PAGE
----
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View Diary: How Occupy has defined the election (290 comments)

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  •  But I haven't. (0+ / 0-)

    I haven't completely ignored "the issue of the big Wall Street banks creating a ravenous demand for mortgages that they could package up and pass off as AAA rated."   Ravenous demand is a function of a market, which doesn't scare me.  It's the second part that did.  It was indeed the lack of serious ratings and serious compliance and serious insurance that led to 80% of this crisis--which had little to do with ravenous demand (there is ravenous demand somewhere in the market every second).

    But the banks didn't do that--big commercial banks didn't decimate compliance--the Greenspan regulatory climate, the auditors, and the insurance companies did.

    You also ask "Why do you think they were issuing mortgages like crazy?  Where were those mortgages going?"  I think they [the big four] were not issuing obviously bad mortgages and liar loans anywhere near the degree CountyWide, IndyMac and WaMu were.  I think what they [investment banks and big four banks] were rather doing were taking bundles of mortgages that were issued by these liar-loan banks and using them as collateral on newly constructed bonds they could buy or sell.

    An investment bank a bunch of junk mortgages coming in and says, "oh boy, here comes another boatload of mortgages that are all guaranteed by US government at the institutional level in case of failure.  So let's get someone to insure this as a bond or a derivative, and sell that bond/derivative."  The only problem was, the insurers weren't doing the math necessary to offer real insurance.  There were no actuarial tables on any of these products, no real insurance being offered at all.  So compliance was a total joke.  Yes, people were being compliant--but compliance meant absolute nothing especially after 9/11, when there was real pressure to keep money flowing, and it got even worse through the decade.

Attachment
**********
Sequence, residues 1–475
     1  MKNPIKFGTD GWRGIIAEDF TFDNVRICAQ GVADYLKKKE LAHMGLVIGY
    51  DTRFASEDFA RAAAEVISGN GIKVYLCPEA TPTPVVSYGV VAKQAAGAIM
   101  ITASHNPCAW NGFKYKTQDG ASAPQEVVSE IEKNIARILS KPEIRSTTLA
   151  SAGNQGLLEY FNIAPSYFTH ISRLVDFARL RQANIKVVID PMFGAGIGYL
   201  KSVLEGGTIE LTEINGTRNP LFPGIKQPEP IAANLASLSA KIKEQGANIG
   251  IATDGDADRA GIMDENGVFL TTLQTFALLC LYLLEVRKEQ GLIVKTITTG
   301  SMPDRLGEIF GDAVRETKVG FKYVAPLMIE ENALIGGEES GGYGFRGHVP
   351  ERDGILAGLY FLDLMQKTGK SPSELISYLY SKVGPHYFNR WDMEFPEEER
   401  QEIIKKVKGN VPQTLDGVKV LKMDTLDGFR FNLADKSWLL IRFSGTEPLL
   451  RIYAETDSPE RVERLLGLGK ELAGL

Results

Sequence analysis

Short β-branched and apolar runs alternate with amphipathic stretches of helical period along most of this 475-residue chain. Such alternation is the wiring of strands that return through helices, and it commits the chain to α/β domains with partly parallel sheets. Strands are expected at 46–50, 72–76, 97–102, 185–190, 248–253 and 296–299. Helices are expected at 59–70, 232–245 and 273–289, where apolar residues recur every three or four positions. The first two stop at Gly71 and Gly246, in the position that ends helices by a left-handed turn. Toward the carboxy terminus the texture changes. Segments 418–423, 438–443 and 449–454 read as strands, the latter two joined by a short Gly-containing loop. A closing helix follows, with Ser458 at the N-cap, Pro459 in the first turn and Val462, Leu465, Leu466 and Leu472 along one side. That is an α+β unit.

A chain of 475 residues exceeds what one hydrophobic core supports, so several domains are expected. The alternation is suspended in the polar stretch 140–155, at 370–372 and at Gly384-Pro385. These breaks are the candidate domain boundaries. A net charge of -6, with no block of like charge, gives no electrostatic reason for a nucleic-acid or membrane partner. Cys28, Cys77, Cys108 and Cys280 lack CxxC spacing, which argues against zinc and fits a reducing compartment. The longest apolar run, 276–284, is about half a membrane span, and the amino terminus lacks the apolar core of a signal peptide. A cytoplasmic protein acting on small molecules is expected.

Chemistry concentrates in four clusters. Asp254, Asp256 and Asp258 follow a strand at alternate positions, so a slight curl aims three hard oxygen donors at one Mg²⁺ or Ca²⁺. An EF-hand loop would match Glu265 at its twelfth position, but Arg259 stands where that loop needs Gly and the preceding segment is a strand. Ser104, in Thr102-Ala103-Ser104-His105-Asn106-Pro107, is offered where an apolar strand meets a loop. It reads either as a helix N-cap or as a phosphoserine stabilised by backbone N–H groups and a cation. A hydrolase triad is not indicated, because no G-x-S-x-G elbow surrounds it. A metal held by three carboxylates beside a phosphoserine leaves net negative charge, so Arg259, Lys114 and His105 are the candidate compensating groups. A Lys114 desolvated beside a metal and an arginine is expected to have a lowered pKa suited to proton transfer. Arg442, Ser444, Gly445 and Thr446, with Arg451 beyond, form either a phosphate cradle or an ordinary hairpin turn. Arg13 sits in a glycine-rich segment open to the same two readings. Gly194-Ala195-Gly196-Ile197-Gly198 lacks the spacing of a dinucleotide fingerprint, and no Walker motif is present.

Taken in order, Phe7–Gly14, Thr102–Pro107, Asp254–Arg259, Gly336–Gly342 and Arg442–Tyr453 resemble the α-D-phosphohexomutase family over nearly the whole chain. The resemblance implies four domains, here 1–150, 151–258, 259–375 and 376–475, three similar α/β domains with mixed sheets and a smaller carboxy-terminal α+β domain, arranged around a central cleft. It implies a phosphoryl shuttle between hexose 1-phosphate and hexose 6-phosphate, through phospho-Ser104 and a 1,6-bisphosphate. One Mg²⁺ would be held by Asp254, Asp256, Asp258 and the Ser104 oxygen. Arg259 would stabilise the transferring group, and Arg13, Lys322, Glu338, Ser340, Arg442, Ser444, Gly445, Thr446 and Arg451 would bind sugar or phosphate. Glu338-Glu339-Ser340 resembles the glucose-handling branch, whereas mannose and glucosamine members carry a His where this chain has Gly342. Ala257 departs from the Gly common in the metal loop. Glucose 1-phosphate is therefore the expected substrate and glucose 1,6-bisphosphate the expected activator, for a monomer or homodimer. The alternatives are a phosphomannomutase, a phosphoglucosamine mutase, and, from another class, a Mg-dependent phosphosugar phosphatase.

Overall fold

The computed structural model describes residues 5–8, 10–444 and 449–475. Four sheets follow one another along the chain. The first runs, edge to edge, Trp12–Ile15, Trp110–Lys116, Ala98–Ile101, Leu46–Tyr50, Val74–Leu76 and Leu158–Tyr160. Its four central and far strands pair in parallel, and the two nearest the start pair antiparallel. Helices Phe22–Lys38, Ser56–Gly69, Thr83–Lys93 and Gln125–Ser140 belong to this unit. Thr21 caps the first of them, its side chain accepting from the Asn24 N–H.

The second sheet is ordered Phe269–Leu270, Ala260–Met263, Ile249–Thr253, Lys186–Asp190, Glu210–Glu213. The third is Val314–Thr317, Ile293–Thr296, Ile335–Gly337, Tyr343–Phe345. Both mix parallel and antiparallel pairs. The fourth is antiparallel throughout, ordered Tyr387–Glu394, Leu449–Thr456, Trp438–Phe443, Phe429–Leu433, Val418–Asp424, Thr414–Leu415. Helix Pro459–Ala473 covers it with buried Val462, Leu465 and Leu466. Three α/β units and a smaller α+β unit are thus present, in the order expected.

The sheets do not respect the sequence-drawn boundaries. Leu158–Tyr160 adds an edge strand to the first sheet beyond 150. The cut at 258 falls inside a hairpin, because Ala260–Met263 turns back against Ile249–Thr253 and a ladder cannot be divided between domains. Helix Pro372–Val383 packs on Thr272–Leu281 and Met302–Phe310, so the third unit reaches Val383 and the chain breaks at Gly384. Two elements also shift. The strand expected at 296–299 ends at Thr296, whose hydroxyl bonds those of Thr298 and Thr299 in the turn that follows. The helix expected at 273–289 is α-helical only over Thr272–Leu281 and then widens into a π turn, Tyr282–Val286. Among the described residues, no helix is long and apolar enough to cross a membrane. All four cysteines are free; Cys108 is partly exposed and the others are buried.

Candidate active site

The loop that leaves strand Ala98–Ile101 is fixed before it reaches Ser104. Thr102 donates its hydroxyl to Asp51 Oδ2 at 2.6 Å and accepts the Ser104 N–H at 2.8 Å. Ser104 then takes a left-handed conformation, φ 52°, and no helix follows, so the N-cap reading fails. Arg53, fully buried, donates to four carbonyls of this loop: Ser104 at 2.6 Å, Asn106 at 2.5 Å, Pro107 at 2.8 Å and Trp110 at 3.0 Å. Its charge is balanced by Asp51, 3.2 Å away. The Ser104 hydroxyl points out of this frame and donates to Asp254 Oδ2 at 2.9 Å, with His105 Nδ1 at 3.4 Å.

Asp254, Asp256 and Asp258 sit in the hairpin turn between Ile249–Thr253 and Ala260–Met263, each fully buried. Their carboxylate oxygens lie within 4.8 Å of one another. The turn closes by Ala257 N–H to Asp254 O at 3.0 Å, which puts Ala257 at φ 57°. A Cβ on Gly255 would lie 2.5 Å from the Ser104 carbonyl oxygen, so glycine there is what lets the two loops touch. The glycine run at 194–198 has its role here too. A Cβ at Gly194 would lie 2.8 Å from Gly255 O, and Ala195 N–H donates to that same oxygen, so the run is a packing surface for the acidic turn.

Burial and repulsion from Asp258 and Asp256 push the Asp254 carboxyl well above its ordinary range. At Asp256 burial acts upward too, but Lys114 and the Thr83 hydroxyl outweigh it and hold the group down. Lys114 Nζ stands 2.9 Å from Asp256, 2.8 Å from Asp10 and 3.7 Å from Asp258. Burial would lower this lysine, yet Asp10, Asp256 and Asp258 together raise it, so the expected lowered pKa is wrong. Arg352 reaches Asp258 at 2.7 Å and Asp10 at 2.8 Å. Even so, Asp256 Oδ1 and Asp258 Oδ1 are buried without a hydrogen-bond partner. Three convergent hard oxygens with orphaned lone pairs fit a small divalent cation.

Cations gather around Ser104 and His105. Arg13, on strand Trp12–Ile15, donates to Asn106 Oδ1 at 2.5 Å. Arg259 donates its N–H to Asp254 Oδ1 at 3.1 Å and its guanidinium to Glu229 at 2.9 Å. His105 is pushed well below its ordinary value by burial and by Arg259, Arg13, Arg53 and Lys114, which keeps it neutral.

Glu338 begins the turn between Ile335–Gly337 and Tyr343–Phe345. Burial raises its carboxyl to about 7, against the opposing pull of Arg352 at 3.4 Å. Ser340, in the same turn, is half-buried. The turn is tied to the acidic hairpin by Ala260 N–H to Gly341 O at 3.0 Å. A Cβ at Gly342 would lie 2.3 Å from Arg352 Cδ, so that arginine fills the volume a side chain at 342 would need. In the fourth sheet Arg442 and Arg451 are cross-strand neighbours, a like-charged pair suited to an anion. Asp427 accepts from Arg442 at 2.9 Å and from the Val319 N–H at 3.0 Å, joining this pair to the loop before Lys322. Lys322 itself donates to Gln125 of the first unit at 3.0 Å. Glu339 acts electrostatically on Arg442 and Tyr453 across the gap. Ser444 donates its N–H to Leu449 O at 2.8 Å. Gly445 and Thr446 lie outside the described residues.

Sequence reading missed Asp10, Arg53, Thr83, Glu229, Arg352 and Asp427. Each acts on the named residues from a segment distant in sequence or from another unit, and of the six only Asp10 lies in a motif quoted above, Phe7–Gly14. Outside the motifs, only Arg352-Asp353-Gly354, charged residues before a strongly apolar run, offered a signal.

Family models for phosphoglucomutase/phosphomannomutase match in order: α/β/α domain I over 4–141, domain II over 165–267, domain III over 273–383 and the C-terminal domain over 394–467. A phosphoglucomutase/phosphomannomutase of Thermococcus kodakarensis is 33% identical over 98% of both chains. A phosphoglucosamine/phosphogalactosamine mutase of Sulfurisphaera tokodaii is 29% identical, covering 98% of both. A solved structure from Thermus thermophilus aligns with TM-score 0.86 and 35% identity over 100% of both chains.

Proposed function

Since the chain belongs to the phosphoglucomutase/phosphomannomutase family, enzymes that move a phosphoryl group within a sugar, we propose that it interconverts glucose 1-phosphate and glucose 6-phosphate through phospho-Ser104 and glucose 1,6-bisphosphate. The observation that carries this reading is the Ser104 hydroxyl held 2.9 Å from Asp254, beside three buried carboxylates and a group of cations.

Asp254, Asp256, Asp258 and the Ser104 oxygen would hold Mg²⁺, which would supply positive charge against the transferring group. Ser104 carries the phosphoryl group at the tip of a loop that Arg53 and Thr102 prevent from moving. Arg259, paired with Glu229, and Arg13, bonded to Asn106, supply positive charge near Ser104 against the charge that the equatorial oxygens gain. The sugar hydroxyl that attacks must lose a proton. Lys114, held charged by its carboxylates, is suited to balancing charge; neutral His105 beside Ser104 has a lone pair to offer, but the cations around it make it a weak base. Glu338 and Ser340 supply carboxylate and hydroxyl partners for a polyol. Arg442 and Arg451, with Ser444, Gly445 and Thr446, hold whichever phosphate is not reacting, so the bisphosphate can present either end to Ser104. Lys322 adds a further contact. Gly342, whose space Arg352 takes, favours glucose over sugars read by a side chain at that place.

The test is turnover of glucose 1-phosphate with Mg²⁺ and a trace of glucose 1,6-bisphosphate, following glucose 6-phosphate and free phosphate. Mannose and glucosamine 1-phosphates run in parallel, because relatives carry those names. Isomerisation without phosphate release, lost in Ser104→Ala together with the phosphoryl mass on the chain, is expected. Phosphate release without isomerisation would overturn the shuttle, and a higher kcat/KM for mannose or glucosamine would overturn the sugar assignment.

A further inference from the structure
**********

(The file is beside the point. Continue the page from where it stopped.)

One day, a banker I knew was trying to put together a new (and really innocuous) product.  He came to me and I said, "compliance will need you to get that product insured, do you have backing yet?" He didn't. But he came back two days later and XXX had insured it for $250 million.  I said, "How is that possible in two days?"  He said, with a completely straight face, "Oh, XXX just figures that if we can't cover a failure [within our own bank] ourselves, then it's all melted down anyway."  Naturally, it was a real estate banker.  And naturally, I said, "But that's not insurance."  And it wasn't.  Yet it was "compliance."  And he could have easily done it the right way.  But that's what compliance was in the Bush era: 'insurance" that had no actuarial basis, backing products that were indeed compliant simply because an insurance company was willing to make them so.  And I hate to say it, but it started under Clinton.  But it just got completely bananas under Bush.  And it was driven by the auditing companies, the insurance companies, and as soon as Bush got the wheel, the regulators themselves.

    "Hibernate between 45 and 65 if you can."--VS Pritchett

    by joseph on Sun Aug 12, 2012 at 12:19:38 PM PDT

    [ Parent ]

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